white sapote

Pronunciation: [sah-POH-tay]

A tropical fruit native to Mexico and Central America, though it's also grown in California and Florida. The white sapote comes from a tropical tree in the family Rutaceae, and the fruit is said to induce sleep and have a calming effect on the nervous system. This fruit is plum-shaped and about the size of a small orange. The thin skin ranges in color from chartreuse to yellow. The ivory-colored flesh has a creamy, custardlike texture and a sweet flavor that is reminiscent of a peach-avocado-vanilla blend. The flesh contains from 3 to 5 medium-size seeds, which should be removed. White sapotes are available from October to February in some specialty produce markets and farmer's markets. Ripen at room temperature as you would an avocado. Store ripe fruit in the refrigerator for up to 3 days. The white sapote is also called zapote blanco and—like the cherimoya—is sometimes referred to as custard apple. See also black sapote; mamey sapote.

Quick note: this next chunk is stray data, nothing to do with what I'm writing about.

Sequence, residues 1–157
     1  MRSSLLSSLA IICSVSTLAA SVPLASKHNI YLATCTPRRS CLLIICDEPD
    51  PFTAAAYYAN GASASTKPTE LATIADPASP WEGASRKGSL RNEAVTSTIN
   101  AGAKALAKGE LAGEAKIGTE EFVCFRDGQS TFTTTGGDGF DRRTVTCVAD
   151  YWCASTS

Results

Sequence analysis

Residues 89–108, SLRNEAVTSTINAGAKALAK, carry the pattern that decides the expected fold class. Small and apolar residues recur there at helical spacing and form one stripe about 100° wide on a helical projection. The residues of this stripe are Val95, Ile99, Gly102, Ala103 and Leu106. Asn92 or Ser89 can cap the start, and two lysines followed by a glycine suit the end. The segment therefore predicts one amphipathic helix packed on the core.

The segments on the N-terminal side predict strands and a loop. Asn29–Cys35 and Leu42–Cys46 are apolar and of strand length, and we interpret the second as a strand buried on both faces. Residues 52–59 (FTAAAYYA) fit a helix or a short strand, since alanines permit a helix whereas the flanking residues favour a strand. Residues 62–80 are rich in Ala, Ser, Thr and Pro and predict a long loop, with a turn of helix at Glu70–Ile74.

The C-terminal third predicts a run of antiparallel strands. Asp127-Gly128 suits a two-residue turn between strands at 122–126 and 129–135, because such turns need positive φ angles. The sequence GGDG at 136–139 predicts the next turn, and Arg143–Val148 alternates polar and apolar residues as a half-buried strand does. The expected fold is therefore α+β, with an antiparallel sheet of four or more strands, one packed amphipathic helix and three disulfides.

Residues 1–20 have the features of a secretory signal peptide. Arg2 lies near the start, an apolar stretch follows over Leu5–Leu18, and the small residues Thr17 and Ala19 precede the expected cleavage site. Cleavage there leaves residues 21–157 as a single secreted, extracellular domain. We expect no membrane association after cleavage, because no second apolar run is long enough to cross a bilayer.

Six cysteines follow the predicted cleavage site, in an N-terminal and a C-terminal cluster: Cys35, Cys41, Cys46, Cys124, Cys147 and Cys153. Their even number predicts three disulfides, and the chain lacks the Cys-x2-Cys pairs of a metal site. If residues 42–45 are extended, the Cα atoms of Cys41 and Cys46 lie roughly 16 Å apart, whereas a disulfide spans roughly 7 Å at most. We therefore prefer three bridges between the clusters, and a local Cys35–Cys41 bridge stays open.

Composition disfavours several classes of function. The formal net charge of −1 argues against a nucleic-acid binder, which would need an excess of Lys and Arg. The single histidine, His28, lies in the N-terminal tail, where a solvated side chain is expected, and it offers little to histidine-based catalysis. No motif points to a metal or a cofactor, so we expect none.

From The Food Lover's Companion, Fourth edition by Sharon Tyler Herbst and Ron Herbst. Copyright © 2007, 2001, 1995, 1990 by Barron's Educational Series, Inc.

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